A graph of the Flow Zone. On the verticle axis it says "Challenge" and on the horizontal axis it says "skill". the through the middle the Flow Zone is highlighted in a blue oval with boredom below along the skill axis and anxiety above along the challenge axis.
A simplified model of flow (adapted from Csikszentmihalyi, 1975)

Between these two undesirable outcomes is the “Goldilocks” area known as the “flow zone”: here we find the optimal combination of challenge and skill, leading to the peak experience of flow. There is a dynamic here: the challenge level allows skills to incrementally improve, so over time, the tendency is towards increased mastery and – if the challenge level stays the same – eventual boredom. A more nuanced model describes the 8 different mental states linked to different levels of skills and challenge.
Csikszentmihalyi discovered two other conditions which help to trigger flow states:

Clear goals for the task at hand (knowing what to do)
Clear and immediate feedback (knowing how well you are doing)

A conducive environment without distractions also helps – but it may be possible to screen out irrelevant stimuli when deep in flow.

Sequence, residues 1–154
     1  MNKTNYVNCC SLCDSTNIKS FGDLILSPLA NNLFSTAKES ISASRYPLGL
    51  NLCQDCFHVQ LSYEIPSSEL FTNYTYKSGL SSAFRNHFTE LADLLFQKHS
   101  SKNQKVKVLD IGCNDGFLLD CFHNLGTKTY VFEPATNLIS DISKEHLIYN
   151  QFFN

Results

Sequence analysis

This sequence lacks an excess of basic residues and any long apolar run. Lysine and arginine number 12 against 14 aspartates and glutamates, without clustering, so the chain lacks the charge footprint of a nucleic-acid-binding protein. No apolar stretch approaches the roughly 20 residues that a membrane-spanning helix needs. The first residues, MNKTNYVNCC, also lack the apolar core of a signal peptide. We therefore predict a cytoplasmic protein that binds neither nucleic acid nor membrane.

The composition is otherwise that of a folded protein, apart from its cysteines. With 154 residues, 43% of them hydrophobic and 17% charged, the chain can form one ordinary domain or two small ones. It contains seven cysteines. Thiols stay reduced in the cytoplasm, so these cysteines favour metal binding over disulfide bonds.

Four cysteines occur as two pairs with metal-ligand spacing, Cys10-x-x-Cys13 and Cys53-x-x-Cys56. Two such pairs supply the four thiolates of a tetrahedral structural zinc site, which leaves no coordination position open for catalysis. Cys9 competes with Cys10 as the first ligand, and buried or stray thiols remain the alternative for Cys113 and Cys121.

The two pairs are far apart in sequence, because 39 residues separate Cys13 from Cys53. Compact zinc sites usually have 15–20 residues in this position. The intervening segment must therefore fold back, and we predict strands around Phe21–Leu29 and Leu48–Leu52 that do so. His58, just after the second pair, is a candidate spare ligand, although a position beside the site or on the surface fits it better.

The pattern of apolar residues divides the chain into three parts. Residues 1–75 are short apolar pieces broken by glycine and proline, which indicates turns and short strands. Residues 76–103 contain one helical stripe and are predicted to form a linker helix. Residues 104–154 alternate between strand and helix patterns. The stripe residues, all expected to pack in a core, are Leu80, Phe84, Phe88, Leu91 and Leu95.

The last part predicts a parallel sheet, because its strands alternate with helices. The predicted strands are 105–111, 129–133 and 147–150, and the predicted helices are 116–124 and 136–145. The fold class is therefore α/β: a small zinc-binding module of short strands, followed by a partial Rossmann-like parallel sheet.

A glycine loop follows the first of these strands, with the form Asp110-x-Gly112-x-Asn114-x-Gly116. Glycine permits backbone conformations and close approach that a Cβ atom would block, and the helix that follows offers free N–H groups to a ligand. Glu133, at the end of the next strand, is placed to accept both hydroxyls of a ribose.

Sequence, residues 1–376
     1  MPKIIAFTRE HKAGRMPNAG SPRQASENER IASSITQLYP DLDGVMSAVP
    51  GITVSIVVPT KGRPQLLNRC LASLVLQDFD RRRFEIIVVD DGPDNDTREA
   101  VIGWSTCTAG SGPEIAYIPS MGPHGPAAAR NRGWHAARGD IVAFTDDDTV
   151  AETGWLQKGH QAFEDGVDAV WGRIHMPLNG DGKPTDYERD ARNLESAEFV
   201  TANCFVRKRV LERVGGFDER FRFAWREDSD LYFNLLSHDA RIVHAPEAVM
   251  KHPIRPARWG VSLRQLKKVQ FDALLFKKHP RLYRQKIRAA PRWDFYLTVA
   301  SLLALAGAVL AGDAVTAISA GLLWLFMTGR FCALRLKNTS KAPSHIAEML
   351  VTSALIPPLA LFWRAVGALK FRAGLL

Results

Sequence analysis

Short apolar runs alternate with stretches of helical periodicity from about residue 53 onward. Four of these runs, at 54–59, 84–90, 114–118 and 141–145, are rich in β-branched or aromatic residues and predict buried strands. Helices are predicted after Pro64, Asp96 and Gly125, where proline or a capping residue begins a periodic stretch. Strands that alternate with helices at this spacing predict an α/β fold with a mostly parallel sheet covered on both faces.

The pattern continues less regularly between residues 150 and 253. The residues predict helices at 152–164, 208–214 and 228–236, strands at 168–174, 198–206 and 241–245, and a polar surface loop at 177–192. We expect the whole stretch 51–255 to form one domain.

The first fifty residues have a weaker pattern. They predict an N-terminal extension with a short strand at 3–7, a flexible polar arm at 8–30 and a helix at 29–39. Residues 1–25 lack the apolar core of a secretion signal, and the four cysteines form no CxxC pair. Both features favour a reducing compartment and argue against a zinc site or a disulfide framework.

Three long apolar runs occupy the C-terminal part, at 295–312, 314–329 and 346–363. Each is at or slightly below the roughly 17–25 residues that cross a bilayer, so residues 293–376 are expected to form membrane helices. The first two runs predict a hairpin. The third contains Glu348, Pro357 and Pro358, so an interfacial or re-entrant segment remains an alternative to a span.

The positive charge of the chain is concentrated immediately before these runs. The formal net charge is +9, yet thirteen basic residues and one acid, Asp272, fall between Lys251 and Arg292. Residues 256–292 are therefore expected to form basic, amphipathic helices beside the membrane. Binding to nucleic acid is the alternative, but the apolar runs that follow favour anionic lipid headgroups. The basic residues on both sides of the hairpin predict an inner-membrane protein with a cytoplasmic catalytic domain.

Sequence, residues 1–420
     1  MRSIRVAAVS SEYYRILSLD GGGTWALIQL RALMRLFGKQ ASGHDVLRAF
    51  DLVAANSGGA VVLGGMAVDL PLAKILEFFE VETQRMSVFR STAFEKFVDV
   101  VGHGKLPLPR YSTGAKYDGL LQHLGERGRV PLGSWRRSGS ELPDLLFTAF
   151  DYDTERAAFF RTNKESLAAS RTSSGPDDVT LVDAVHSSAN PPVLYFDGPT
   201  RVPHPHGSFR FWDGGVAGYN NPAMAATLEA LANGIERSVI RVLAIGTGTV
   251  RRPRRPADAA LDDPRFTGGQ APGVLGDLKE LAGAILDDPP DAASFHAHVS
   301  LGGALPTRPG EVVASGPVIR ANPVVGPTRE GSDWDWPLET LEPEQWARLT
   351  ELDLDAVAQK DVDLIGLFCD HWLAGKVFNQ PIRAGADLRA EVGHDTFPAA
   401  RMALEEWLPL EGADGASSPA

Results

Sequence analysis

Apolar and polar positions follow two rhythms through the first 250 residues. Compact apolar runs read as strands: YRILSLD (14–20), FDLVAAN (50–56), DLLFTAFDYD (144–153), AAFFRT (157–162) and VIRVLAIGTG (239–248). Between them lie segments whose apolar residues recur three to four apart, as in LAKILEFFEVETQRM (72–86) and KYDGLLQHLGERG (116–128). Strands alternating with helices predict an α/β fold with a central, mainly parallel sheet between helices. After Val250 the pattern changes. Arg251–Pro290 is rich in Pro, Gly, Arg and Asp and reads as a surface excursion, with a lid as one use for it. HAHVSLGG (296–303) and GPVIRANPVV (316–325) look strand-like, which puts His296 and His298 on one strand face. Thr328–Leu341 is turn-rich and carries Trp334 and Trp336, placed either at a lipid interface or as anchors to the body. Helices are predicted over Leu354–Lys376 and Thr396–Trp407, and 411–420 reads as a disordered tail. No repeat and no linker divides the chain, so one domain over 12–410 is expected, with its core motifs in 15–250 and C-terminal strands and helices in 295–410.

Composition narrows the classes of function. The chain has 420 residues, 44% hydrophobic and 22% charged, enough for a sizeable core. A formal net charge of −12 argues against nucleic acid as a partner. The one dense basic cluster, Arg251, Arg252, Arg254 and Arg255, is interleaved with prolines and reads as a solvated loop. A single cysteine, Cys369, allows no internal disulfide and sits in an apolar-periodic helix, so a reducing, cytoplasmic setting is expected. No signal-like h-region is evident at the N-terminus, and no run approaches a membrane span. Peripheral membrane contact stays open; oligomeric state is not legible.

Another important aspect which Csikszentmihalyi highlighted is the fact that individual perceptions of both challenge and goals can play a role in reaching flow: what might seem boring and unstimulating to one person might be viewed by another as captivating and interesting. In the same vein, an individual can transform dull activities into ones with flow potential by creating goals and challenges. This can be as simple as avoiding cracks in the pavement during a long walk, or involve wholesale gamification.

Flow at work

Lef and I realised that we wanted to bring as much flow into our working life as possible. Our previous experience working together in noisy, interruption-filled environments made us keenly aware of how much productivity is sacrificed when respect for individual concentration and states of high focus is missing from company culture. The damage is compounded when goals are unclear and feedback is ambiguous or missing.

So, when we started our own company, flow was high on the agenda.
One of our first decisions was what to call our new enterprise. We wanted to reference flow in the name, so after some deliberation, we chose “Evenflow” – a name with several layers of meaning:

• It describes the ultimate flow state: smooth, uninterrupted and consistent.